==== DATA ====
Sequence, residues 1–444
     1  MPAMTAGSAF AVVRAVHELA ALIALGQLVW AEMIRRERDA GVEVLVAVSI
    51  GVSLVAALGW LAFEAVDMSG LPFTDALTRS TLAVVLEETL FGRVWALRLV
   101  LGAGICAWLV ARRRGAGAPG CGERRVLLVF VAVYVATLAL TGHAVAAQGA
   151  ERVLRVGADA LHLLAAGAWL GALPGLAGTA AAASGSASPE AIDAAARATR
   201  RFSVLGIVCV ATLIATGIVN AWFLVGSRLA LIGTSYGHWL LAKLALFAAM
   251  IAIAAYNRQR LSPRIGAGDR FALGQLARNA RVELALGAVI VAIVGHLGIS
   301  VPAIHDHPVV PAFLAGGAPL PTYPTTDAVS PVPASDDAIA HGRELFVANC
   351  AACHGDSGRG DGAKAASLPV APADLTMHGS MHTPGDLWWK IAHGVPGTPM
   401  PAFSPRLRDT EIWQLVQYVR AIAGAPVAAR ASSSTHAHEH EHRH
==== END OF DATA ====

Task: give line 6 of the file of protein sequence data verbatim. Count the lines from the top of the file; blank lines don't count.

   201  RFSVLGIVCV ATLIATGIVN AWFLVGSRLA LIGTSYGHWL LAKLALFAAM